Nina Chernoff and Bernardine Watson
This report shows that Philadelphia's Youth Aid Panel (YAP) initiative, established by the city's District Attorney's Office to deal with first-time, low-level youthful offenders, "holds great promise." The program, according to P/PV, is low-cost, deals with youth directly and "relatively" quickly, involves the judgment of local citizens, involves both punishment and guidance, and preliminary data indicate that it reduces recidivism.
YAP evolved from a law enacted in New Jersey in the 1950s that empowered panels of community members to deal with low-level juvenile offenders. Instead of going to court, juvenile offenders may face a panel of community volunteers who review the case, question the youth, and develop a contract intended to teach the youth a lesson and introduce him or her to positive activities or associations. By mid-2000 there were 27 such panels in Philadelphia.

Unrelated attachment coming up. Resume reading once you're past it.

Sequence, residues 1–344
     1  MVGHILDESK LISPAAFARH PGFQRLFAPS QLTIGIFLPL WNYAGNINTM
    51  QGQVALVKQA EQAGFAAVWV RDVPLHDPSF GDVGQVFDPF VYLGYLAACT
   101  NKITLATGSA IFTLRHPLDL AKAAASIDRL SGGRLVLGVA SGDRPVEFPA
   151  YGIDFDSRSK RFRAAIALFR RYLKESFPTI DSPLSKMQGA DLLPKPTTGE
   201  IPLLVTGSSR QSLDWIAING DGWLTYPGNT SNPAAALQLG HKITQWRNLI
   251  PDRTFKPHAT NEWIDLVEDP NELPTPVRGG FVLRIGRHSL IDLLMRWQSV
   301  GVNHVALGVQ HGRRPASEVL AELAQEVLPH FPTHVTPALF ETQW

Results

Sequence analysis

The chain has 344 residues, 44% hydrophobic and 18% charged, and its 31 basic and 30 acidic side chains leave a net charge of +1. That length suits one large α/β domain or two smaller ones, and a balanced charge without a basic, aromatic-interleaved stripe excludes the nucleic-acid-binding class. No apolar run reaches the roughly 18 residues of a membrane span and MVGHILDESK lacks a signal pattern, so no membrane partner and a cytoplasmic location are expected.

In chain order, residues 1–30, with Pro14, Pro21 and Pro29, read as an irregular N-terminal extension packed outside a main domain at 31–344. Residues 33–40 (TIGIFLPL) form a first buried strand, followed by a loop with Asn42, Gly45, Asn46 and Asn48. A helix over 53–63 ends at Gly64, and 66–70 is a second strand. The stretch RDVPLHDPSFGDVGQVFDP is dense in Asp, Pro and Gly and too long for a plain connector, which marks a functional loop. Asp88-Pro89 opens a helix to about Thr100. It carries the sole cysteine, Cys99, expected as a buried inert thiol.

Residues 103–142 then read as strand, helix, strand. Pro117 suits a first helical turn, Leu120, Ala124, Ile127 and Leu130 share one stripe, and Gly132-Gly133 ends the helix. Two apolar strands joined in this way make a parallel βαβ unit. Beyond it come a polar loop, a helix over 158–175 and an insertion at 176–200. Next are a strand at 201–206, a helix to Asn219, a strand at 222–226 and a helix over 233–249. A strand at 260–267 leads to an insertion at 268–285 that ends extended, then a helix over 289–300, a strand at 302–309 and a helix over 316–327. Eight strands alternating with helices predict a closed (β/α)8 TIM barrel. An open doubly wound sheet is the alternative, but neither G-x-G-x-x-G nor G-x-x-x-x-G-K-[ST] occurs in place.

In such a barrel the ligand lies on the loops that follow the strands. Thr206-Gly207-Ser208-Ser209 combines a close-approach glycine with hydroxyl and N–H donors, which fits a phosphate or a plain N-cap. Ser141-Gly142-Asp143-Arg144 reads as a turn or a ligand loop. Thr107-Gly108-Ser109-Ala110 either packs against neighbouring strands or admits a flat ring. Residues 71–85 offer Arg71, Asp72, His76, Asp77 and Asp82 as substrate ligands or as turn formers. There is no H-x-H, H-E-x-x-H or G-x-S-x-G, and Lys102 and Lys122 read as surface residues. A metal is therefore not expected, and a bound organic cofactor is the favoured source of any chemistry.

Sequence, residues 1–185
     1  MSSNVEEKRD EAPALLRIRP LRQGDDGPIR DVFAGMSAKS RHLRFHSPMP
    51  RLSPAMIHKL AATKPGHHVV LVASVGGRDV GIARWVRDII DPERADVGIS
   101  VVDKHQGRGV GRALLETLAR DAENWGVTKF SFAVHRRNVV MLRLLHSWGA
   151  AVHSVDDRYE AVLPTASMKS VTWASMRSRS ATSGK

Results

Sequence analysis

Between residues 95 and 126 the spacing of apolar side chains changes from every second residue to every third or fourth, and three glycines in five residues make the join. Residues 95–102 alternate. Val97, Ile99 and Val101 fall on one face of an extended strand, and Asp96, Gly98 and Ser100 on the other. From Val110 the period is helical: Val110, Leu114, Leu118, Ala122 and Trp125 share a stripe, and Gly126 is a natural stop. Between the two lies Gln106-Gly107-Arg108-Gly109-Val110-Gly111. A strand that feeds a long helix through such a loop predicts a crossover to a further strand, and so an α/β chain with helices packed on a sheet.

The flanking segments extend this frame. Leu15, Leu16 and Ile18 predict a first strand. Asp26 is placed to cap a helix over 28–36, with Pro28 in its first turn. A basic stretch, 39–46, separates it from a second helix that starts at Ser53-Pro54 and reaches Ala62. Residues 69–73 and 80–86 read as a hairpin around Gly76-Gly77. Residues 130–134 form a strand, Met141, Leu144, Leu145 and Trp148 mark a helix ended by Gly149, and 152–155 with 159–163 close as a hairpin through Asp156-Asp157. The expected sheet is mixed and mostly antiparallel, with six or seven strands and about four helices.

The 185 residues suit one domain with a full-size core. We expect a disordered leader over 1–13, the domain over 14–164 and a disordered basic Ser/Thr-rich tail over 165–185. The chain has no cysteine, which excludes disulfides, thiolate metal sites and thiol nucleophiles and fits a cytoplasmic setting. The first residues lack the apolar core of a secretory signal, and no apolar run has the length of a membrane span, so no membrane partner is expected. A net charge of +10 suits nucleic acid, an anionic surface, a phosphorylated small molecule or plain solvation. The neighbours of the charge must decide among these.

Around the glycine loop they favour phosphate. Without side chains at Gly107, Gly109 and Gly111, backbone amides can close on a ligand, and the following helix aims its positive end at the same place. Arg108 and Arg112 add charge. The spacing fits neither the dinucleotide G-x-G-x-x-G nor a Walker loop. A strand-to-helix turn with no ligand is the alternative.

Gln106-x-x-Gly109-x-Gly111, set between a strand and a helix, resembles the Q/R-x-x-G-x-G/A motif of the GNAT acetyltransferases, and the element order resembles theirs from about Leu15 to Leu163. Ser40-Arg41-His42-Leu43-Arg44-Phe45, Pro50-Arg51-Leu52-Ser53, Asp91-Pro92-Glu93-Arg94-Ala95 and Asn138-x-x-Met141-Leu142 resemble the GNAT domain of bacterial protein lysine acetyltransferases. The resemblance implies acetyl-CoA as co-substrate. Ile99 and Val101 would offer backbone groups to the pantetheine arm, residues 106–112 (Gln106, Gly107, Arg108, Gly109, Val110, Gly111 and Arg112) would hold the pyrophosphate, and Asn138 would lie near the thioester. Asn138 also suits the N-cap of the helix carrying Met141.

The study found that YAP participants are disproportionately female and under 16 years old, and nonparticipants are disproportionately Hispanic and drug law violators. Seventy-one percent of those who accepted a YAP contract completed it and, in the 36-month period after their first arrests, only 29.9 percent of contract completers were rearrested - compared with 44.4 percent of nonparticipants. Though the report's authors believe that YAP participation reduces recidivism, they acknowledge that outcome comparisons between the two groups cannot be completely accurate because those ineligible or who failed to meet participation requirements were considered "harder" cases. 12 pages. $5. Public/Private Ventures, Communications Department, 2005 Market St., Ste. 900, Philadelphia, PA 19103. (215) 557-4465. E-mail: email@example.com. www.ppv.org.